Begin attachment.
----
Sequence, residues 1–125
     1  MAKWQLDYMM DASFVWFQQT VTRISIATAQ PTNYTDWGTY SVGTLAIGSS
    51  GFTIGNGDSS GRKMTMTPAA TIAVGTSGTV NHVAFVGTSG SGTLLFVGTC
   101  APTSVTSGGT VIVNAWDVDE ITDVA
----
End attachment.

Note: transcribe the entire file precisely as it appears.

Sequence, residues 1–125
     1  MAKWQLDYMM DASFVWFQQT VTRISIATAQ PTNYTDWGTY SVGTLAIGSS
    51  GFTIGNGDSS GRKMTMTPAA TIAVGTSGTV NHVAFVGTSG SGTLLFVGTC
   101  APTSVTSGGT VIVNAWDVDE ITDVA